Thousands of demonstrators called for President Pervez Musharraf’s resignation again yesterday in renewed protests across Pakistan against his heavy-handed removal of the country’s chief justice in what is becoming the dictator’s most serious political crisis since coming to power almost eight years ago.
Lawyers and political activists lined the street outside Pakistan’s supreme court demanding an end to General Musharraf’s regime.
“It is the beginning of the revolution,” Imran Khan, former cricketer and now chief of the Justice Party, said to demonstrators amid chants of “Down with Musharraf.”
The surprise appearance of the day came from retired lieutenant-general Hameed Gul, former chief of Pakistan’s Inter-services Intelligence Agency, who broke through police barriers dressed in his military jacket, promising to call 2.2 million retired army personnel onto the roads if police tried to stop him.
Since Chief Justice Iftikhar Mohammed Chaudhry was suspended a fortnight ago on allegations of nepotism and abuse of authority, thousands of lawyers and opposition protesters have clashed with riot police, seven judges have resigned along with one of three deputy attorneys-general, and police ransacked the offices of one of the more independent-minded television stations that has been highlighting the protests.
“What is at stake is the principle of separation of powers,” said Munir Malik, the president of the Supreme Court Bar Association, who has been vocal in his condemnation of Gen. Musharraf’s move. “This judiciary, lame as it was, was still a hurdle in the way of absolute power required to rule roughshod and impose your will over the people of Pakistan. I believe the Chief Justice became a nuisance and was in the way.”
With elections due in eight months, and Gen. Musharraf expected to give up his post as army chief, many believe Chief Justice Chaudhry was the key man standing in the way of his bid to stay in power. The constitution, as it stands, prevents the President from remaining in office after the vote.
Chief Justice Chaudhry has been known for making very strong, activist decisions on a number of issues that directly affect the President’s power. Most recently, he has chastised the government for not doing more to address the issue of forced disappearances.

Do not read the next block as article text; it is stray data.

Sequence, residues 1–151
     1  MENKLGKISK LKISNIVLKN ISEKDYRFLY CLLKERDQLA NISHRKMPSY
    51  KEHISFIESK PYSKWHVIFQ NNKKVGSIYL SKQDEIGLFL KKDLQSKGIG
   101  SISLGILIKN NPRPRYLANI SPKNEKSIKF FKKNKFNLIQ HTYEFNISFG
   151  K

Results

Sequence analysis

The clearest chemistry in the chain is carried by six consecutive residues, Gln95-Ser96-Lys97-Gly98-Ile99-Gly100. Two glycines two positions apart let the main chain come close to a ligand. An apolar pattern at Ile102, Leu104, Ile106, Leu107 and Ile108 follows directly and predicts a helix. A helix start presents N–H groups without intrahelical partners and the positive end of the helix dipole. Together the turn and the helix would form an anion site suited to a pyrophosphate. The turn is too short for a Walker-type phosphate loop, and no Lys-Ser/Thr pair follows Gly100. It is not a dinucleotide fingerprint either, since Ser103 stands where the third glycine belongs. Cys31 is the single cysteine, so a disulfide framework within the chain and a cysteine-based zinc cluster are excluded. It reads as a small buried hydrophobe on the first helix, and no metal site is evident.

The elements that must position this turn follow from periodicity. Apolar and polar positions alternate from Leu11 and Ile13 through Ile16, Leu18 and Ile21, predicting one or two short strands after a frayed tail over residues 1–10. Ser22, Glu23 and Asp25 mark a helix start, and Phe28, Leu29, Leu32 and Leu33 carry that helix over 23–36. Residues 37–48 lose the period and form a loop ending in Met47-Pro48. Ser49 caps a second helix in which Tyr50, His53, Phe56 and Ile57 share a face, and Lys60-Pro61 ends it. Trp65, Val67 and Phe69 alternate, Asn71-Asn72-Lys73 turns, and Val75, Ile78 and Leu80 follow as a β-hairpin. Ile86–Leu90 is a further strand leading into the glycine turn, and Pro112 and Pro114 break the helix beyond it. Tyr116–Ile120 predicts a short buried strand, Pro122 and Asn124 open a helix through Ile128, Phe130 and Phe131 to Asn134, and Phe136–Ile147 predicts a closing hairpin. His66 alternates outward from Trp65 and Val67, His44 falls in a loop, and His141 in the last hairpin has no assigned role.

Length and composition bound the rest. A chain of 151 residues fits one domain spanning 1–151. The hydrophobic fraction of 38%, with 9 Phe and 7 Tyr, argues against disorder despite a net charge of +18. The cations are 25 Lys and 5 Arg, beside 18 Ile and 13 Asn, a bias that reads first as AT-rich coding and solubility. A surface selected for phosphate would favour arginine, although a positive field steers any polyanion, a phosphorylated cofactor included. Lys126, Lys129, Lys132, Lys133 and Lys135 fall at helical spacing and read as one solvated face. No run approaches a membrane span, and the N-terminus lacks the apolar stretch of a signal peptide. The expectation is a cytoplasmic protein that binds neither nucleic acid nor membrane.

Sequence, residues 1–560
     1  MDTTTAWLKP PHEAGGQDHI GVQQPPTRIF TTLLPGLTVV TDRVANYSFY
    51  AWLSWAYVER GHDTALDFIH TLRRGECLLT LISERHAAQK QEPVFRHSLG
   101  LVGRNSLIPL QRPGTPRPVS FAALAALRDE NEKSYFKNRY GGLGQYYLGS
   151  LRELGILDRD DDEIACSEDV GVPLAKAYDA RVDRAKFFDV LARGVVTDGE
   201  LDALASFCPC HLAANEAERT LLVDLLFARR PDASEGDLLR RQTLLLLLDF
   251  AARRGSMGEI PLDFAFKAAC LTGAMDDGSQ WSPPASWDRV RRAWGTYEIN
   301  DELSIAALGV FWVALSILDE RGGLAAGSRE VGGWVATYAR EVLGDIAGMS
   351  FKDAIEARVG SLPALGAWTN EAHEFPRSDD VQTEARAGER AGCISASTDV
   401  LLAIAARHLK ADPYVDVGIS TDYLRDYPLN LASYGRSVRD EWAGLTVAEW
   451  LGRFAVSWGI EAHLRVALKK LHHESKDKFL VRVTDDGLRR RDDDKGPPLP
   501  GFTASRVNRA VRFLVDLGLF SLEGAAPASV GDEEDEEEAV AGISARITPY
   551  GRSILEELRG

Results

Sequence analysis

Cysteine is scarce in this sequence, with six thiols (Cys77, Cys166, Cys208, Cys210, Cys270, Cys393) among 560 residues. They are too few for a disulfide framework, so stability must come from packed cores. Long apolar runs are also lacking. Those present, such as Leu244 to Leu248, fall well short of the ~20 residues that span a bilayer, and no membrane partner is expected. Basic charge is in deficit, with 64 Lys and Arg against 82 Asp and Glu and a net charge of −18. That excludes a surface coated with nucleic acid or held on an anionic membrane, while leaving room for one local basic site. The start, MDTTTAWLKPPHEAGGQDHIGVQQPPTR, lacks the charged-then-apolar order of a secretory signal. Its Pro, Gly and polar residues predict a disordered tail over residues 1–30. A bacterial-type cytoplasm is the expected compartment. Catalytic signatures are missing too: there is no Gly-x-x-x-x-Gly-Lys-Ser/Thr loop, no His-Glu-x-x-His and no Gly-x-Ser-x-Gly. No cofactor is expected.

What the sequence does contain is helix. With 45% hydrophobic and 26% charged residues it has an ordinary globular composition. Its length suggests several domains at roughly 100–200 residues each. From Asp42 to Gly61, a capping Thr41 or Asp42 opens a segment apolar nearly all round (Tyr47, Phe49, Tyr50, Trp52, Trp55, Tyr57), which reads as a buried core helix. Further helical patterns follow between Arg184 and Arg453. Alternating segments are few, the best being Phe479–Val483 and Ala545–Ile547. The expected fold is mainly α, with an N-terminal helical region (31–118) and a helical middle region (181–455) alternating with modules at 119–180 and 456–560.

Gen. Musharraf has been walking a tightrope for some time now. During the first two years after coming to power in a 1999 bloodless coup, he was virtually isolated by the international community and branded a military dictator. As a major U.S. ally in the war on terrorism after the Sept. 11 attacks, however, he has had to face increasing pressure to move toward democracy and prevent the growing support for the Islamist insurgents in Afghanistan.
Opposition parties are making the most of the current situation. “This has happened because, in 2007, the general has to make some illegal amendments to the constitution and the biggest hindrance in his way was the chief justice,” said Hafiz Hussain Ahmad, a senior leader of the Muttahida Majlis-e-Amal, or MMA, a six-party alliance of Islamist groups.
The crisis began March 9 when Chief Justice Chaudhry was summoned to meet a uniformed Gen. Musharraf in his home and was suspended and put under house arrest. His communication to the outside world was cut off; even his newspaper delivery was stopped.
The President has not given details of the allegations, but Pakistani newspapers said yesterday Chief Justice Chaudhry is accused of using his position to get a job for his son, using too many official cars and requesting the use of government airplanes. His lawyers deny the accusations.
Gen. Musharraf has put the case before the Supreme Judicial Council, a five-member body of judges charged with evaluating the merits of the case and taking permanent action. Chief Justice Chaudhry’s hearing, scheduled for yesterday, has been postponed until April 3.
Legal experts say Gen. Musharraf had the right to take Chief Justice Chaudhry before the council, but most agree he erred in suspending him before the council considered the charges, and that putting the country’s top judge under house arrest was unacceptable.
Gen. Musharraf, however, has survived previous protests and assassination attempts, and observers say he can ride this out, too, but many speculate that he may have to give up some of his power to appease protesters.
Asked on television whether he was ready to team with Benazir Bhutto of the Pakistan People’s Party to remain in power, the General remained elusive. “All parties will contest,” he said. “More than that I cannot say anything.”